Sega Saturn Net Link
While online gaming with video game consoles didn’t really reach mainstream proportions until systems started coming with built-in broadband capability, network connectivity options (usually modems) were available for most systems going back almost to the beginning. For the Sega Saturn, this was the Net Link.
The Net Link was essentially a $200 28.8 bps modem with a build-in web browser that plugged into the Sega Saturn cartridge port. While that sounds pretty expensive, it was actually pretty reasonable for such a device at the time (1996). A keyboard and mouse were also available for the Saturn which made the Saturn actually tolerable to check e-mail or to do light web surfing on. Of course, the main reason you would want this device is in order to play games against other people remotely.
The Net Link had a couple of advantages over other similar devices and even over current ways to play games over the internet. It did not require a subscription or the use of a Sega specific service. You simply configured the Saturn to dial into whatever ISP you used for Internet access or dialed the person you wanted to play against directly. This was a normal way of doing things for computer users but it was pretty novel for console gamers.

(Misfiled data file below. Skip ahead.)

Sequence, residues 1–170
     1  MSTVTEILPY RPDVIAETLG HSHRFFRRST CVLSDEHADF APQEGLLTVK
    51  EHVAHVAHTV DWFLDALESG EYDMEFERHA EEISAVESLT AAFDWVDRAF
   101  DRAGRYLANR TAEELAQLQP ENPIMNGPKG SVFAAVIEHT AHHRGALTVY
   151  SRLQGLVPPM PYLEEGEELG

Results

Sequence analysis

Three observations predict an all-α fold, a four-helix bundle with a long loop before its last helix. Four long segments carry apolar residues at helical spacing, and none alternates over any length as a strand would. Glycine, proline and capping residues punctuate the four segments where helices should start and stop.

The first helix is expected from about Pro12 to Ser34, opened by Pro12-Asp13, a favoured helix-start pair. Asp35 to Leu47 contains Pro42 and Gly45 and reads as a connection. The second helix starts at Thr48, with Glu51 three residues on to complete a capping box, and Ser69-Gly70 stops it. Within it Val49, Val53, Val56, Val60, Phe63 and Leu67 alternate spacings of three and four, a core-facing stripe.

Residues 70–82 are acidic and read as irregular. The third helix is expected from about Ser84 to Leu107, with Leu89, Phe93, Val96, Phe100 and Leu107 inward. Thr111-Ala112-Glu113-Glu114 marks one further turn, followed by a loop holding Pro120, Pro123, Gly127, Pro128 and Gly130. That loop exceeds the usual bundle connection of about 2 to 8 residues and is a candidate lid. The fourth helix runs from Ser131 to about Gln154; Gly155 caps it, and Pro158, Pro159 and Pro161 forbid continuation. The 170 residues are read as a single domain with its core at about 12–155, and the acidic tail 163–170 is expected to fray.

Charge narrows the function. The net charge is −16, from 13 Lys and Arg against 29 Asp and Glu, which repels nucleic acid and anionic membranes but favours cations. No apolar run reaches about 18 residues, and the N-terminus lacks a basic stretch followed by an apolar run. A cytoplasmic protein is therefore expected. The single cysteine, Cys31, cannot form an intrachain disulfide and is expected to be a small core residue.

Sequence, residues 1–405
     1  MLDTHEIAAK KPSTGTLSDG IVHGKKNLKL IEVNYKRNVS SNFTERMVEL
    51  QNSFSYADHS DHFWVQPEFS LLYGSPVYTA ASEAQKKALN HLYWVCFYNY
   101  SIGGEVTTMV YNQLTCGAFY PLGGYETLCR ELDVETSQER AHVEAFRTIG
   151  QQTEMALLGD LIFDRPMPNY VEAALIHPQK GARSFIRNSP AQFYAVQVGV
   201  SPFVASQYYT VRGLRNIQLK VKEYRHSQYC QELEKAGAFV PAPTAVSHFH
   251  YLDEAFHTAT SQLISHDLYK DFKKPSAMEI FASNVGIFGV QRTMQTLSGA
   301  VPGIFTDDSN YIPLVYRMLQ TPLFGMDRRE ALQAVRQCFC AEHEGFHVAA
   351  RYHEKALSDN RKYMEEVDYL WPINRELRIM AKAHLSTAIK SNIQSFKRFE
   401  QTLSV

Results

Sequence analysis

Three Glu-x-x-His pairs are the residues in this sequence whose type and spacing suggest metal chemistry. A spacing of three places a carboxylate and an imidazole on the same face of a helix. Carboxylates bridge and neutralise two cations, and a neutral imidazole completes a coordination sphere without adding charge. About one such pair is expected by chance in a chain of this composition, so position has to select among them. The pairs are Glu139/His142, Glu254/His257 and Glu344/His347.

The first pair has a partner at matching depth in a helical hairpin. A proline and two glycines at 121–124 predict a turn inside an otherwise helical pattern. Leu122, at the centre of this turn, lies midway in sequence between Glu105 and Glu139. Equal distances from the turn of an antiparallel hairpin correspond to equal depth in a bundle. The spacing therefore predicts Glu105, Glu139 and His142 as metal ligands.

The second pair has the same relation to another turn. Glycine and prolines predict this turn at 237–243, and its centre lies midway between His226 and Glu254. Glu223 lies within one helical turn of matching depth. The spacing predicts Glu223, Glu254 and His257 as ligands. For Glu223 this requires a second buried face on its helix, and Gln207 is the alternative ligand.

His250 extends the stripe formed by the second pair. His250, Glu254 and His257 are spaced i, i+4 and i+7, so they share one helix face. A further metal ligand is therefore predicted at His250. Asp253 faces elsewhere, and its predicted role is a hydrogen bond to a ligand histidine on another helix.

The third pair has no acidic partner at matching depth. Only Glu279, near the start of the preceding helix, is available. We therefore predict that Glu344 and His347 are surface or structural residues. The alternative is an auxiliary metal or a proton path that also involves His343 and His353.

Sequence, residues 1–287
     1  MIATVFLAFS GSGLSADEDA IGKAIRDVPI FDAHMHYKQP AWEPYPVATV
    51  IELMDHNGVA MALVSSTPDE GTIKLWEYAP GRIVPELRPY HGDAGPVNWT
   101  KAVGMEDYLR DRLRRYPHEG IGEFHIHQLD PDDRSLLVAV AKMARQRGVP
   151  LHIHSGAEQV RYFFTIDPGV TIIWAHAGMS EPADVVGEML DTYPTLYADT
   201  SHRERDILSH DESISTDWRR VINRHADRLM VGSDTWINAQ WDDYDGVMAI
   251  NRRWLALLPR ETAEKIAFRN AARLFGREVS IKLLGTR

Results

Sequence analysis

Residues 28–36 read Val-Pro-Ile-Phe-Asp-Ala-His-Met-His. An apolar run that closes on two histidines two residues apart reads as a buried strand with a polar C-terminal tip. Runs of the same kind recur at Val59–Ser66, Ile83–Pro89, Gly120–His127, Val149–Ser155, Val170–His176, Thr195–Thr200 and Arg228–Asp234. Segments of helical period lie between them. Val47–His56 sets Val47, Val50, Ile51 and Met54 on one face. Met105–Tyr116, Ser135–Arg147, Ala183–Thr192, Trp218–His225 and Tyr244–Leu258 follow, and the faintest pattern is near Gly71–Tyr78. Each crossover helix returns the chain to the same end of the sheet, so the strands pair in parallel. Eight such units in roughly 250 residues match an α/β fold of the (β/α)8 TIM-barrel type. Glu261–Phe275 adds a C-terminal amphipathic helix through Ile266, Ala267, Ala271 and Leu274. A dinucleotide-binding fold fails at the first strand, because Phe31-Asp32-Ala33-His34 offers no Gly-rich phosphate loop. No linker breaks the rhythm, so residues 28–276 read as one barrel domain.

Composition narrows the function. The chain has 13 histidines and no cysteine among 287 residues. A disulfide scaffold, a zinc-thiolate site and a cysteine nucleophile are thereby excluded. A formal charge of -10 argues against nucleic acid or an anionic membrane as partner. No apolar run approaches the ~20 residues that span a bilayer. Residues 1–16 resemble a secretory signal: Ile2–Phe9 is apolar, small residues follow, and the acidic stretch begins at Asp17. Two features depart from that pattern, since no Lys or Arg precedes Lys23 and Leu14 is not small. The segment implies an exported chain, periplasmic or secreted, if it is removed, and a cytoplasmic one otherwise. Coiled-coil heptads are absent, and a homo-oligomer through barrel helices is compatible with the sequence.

Unfortunately, due to the relative lack of success of the Sega Saturn, there were only a handful of games that supported the Net Link. These included a special version of Daytona USA (Daytona USA CCE Net Link Edition), Duke Nukem 3D, Saturn Bomberman, Sega Rally and Virtual On. The good news is that since no 3rd party service was required, it’s just as easy today to dial-up someone else and play against them as it was at the height of the Saturn’s popularity. Assuming you both have some sort of landline of course…